In the other incident, a 15-year-old high school student was held in a detention center after she stabbed an aggressing classmate in the shoulder with scissors. The student who was stabbed deserved it, as he had been harassing her. The charge was "delinquency by reason of felonious assault" - but attorneys said provocation can be used as a defense in cases like this.

There ought to be a law.

The law should prohibit prosecution of students who use defensive force against schoolmongering. The events discussed above almost certainly would not have resulted in criminal charges in the America of a quarter-century ago, even if it was illegal under statutory law, because common law - yes, common sense - would have prevailed. If there were charges, they would have most likely been against the initial assailants, not against the students who fought them off. Back then, the prevailing view would have been that those who were stabbed had it coming. That's one of the reasons there was far less school harassment and violence back then.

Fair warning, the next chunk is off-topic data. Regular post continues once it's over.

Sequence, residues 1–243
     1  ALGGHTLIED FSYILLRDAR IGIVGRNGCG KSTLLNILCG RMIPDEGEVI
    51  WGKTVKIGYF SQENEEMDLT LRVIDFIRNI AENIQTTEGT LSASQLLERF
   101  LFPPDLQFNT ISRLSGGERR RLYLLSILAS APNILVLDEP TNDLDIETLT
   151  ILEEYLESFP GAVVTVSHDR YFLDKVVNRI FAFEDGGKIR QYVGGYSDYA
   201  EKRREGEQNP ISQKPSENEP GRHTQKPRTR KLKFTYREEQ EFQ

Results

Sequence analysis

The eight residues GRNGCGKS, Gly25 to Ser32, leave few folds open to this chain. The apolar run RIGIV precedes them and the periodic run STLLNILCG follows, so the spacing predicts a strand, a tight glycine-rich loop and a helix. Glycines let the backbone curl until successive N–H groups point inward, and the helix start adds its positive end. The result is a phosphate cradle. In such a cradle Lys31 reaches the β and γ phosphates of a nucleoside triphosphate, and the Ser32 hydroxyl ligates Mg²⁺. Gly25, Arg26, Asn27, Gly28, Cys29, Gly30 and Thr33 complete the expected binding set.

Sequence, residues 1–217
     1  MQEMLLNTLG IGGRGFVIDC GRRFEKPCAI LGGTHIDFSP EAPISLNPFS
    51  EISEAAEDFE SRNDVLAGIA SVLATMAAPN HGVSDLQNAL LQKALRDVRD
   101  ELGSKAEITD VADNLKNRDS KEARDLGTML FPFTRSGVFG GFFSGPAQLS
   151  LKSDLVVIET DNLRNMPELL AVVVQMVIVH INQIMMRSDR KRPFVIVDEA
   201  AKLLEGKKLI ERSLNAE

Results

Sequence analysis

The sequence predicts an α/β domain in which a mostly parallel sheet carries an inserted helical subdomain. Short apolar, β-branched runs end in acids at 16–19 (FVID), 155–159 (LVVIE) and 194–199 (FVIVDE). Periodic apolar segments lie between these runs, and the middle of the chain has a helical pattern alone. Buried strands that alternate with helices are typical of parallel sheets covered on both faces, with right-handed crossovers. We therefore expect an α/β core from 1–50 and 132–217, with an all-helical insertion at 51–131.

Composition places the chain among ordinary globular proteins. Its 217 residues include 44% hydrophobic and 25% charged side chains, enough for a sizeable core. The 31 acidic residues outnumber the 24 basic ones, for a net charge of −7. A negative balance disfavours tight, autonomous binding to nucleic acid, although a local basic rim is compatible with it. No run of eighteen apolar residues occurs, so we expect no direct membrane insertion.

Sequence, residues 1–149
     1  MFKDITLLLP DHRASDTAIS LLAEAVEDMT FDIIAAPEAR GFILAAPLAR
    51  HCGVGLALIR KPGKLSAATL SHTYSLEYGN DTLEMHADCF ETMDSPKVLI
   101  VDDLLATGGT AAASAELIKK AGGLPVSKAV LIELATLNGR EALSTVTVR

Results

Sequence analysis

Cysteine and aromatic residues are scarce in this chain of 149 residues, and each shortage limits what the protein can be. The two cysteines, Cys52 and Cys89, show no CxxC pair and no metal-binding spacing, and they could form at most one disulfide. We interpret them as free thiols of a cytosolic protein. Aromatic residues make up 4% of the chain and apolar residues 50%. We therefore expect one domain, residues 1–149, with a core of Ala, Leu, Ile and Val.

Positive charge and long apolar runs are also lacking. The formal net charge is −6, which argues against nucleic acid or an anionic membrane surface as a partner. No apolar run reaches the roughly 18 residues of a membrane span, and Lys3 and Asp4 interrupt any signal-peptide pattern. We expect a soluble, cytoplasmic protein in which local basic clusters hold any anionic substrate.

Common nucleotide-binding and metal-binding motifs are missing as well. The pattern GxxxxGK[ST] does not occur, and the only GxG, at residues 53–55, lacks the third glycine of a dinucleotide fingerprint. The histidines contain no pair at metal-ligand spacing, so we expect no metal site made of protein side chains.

We shouldn't have to legislate common sense, but since schools have none, we must.


Bush and the media are crediting his tax cuts for the very rich with America's supposedly record high rate of home ownership.

Only problem is that the rate of home ownership is declining, and has been for most of the past 20 years.

So they lied. Big surprise.